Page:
Assessment A Washington Roundup

Eight States Advance for Growth-Model Pilot

By David J. Hoff — March 20, 2007 1 min read
  • Save to favorites
  • Print

A panel of experts will review eight states’ applications to participate in the Department of Education’s experiment with a new way of calculating adequate yearly progress, or AYP, under the No Child Left Behind Act

Secretary of Education Margaret Spellings has forwarded the proposals to the peer-review panel formed to evaluate the quality of the latest round of applications in the growth-model project.

Under the pilot project, states receive approval to define AYP based on methods that track students’ academic growth over time. The standard accountability system under the federal law requires states to make AYP calculations by comparing the test scores of groups of students against the students in the same grade during the previous year.

The panel will review applications from Alaska, Arizona, Hawaii, Iowa, Nevada, New Hampshire, Ohio, and Pennsylvania.

See Also

For more stories on this topic see our Federal news page.

A version of this article appeared in the March 21, 2007 edition of Education Week

Events

Special Education K-12 Essentials Forum Innovative Approaches to Special Education
Join this free virtual event to explore innovations in the evolving landscape of special education.
This content is provided by our sponsor. It is not written by and does not necessarily reflect the views of Education Week's editorial staff.
Sponsor
Curriculum Webinar
STEM Fusion: Empowering K-12 Education through Interdisciplinary Integration
Join our webinar to learn how integrating STEM with other subjects can revolutionize K-12 education & prepare students for the future.
Content provided by Project Lead The Way
School & District Management Webinar How Pensions Work: Why It Matters for K-12 Education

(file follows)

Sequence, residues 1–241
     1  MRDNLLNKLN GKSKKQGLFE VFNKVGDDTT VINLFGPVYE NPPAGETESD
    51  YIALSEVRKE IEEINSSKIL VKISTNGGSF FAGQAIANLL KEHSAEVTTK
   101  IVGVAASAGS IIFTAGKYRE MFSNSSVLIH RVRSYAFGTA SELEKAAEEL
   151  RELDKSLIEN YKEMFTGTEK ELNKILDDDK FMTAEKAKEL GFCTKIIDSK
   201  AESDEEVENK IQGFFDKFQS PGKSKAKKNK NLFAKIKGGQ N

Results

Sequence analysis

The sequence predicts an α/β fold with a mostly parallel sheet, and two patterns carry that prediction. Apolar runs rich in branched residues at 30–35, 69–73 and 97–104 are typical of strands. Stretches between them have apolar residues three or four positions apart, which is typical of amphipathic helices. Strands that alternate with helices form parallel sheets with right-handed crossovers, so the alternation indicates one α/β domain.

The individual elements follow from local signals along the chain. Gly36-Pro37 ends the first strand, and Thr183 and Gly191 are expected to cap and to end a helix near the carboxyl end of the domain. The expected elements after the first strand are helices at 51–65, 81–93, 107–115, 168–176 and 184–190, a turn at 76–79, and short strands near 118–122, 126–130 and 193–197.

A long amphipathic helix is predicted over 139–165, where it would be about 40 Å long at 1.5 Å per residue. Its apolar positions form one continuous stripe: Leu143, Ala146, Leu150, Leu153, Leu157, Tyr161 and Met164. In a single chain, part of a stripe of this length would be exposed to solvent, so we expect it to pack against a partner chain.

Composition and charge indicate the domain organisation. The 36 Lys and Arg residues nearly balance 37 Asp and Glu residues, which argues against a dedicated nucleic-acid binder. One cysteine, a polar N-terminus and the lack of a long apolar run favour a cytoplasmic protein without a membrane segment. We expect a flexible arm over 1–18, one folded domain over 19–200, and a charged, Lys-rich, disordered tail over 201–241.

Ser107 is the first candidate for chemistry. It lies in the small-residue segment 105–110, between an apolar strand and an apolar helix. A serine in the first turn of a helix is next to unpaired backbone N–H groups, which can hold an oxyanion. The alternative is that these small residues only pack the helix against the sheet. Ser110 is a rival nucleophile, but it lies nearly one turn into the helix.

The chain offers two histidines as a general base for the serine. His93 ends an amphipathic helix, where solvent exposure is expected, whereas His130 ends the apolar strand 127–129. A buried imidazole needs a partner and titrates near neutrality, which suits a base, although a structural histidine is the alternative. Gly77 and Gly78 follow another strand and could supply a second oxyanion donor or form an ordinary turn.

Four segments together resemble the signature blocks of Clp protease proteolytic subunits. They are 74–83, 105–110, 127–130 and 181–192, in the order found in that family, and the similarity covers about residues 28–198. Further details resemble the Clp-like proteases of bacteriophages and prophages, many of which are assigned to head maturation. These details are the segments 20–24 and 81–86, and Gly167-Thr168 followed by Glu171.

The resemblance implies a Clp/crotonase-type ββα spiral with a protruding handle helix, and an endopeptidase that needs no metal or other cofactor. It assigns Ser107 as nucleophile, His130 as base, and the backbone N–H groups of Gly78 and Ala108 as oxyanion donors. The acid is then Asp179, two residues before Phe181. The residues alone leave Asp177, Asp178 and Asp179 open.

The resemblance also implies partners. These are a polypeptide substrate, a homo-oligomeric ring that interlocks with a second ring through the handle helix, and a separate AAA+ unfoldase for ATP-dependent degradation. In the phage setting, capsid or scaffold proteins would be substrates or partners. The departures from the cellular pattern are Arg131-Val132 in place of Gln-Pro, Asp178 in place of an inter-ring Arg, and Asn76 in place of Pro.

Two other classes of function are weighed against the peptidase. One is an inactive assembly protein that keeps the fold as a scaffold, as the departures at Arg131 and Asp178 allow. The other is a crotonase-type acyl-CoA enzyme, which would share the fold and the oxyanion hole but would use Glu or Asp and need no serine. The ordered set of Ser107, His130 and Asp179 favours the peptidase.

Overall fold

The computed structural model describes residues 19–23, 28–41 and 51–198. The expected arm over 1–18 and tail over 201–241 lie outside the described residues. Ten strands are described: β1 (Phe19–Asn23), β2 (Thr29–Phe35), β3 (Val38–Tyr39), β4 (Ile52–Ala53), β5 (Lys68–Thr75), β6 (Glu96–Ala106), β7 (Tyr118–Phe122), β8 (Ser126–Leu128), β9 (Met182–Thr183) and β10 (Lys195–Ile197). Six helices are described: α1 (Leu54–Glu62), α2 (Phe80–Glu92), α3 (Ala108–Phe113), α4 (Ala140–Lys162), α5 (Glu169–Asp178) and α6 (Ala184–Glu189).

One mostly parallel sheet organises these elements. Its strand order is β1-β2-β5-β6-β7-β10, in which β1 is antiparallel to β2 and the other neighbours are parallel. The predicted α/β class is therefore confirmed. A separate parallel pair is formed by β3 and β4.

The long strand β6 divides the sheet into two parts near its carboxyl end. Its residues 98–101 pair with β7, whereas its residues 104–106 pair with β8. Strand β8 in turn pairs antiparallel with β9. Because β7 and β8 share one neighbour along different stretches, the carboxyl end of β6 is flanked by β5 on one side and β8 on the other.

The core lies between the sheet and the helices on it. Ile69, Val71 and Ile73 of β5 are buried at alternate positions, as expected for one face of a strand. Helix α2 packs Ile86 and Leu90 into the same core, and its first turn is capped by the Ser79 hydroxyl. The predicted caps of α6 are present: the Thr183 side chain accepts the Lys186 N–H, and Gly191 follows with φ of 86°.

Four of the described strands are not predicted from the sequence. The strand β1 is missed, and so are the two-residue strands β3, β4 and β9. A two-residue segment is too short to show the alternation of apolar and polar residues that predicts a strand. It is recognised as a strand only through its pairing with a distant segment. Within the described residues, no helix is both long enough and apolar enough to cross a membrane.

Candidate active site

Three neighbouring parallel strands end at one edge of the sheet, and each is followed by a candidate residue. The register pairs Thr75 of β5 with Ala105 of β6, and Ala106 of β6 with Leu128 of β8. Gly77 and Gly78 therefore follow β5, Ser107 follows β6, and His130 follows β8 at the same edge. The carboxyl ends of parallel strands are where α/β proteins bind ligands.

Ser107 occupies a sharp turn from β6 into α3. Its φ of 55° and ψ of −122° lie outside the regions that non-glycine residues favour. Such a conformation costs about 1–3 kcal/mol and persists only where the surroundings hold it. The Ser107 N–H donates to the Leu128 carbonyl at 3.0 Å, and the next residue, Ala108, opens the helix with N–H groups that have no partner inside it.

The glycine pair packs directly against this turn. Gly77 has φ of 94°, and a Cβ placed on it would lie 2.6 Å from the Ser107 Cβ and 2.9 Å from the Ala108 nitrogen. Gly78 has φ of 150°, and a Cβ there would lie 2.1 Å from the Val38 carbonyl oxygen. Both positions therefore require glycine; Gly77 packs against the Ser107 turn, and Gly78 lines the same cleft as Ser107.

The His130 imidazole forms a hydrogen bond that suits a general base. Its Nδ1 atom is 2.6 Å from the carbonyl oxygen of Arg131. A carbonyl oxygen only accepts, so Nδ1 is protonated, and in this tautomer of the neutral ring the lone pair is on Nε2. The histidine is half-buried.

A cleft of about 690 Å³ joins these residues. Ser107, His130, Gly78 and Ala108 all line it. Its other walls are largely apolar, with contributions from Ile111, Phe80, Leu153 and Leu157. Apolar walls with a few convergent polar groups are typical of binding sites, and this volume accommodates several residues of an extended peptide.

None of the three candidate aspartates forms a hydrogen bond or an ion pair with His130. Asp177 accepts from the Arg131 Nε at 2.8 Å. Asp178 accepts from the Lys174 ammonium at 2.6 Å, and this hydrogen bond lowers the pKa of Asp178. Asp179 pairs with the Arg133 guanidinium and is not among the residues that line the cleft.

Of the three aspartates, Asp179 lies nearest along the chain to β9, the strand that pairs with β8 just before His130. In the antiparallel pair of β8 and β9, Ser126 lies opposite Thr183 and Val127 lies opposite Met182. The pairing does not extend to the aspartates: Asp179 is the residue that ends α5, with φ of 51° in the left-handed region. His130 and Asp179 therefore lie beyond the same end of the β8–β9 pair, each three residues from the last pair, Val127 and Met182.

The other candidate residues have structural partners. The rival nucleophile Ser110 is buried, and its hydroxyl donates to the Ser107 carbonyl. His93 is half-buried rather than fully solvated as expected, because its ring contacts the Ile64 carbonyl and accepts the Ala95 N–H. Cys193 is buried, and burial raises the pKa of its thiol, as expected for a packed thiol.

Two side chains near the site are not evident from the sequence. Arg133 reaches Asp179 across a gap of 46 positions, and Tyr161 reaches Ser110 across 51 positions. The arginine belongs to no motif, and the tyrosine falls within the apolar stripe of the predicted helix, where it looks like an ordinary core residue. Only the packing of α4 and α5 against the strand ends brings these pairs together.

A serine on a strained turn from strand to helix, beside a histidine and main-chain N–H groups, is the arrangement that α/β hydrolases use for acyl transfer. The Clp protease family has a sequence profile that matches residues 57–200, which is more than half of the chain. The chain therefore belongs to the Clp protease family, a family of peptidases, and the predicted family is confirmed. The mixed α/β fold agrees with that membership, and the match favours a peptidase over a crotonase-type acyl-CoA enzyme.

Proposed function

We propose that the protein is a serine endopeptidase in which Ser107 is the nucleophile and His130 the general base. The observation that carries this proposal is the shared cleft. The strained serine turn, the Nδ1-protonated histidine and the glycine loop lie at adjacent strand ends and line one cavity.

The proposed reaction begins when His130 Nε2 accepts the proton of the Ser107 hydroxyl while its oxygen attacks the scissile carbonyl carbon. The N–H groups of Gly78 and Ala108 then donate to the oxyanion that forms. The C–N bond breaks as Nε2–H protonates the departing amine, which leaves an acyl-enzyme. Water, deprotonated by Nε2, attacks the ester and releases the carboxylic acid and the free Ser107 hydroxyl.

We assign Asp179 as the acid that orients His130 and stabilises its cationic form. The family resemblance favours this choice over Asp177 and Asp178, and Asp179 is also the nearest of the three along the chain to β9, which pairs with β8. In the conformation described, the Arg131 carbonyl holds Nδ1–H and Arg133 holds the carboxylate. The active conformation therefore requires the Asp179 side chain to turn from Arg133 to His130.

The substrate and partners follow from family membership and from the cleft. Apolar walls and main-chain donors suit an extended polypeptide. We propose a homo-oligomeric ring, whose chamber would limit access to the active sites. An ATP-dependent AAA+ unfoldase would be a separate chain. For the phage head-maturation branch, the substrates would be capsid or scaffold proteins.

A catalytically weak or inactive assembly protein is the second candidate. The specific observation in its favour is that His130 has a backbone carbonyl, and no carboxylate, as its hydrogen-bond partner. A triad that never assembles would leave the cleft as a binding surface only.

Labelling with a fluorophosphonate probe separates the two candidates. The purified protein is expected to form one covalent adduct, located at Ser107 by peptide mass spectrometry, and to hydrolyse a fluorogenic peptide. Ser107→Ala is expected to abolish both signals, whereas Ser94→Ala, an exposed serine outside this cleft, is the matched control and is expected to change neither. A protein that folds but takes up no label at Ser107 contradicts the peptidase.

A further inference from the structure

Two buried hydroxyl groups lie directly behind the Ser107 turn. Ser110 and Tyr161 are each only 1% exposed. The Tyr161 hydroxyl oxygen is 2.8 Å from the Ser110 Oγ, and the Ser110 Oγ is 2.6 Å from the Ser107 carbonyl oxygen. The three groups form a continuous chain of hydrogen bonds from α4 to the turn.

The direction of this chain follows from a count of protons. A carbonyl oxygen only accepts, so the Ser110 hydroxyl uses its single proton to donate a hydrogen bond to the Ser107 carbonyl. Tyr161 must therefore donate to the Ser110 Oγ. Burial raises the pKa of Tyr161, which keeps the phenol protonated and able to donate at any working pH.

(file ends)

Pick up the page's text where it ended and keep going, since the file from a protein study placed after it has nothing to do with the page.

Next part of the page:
Panelists explain the fundamentals of teacher pension finances — how they are paid for, what drives their costs, and their impact on K-12 education.

EdWeek Top School Jobs

Teacher Jobs
Search over ten thousand teaching jobs nationwide — elementary, middle, high school and more.
View Jobs
Principal Jobs
Find hundreds of jobs for principals, assistant principals, and other school leadership roles.
View Jobs
Administrator Jobs
Over a thousand district-level jobs: superintendents, directors, more.
View Jobs
Support Staff Jobs
Search thousands of jobs, from paraprofessionals to counselors and more.
View Jobs

Read Next

Assessment The State of Teaching Where Teachers Say the Pressure to Change Grades Comes From
Teachers are more likely to be pressured by parents than school leaders.
4 min read
Conceptul image in blues of a teacher handing out graded papers.
Liz Yap/Education Week and E+
Assessment What the Research Says AI and Other Tech Can Power Better Testing. Can Teachers Use the New Tools?
Assessment experts call for better educator supports for technology use.
3 min read
Illustration of papers and magnifying glass
iStock / Getty Images Plus
Assessment What the Research Says What Teachers Should Know About Integrating Formative Assessment With Instruction
Teachers need to understand how tests fit into their larger instructional practice, experts say.
3 min read
Students with raised hands.
E+ / Getty
Assessment AI May Be Coming for Standardized Testing
An international test may offer clues on how AI can help create better assessments.
4 min read
online test checklist 1610418898 brightspot
champpixs/iStock/Getty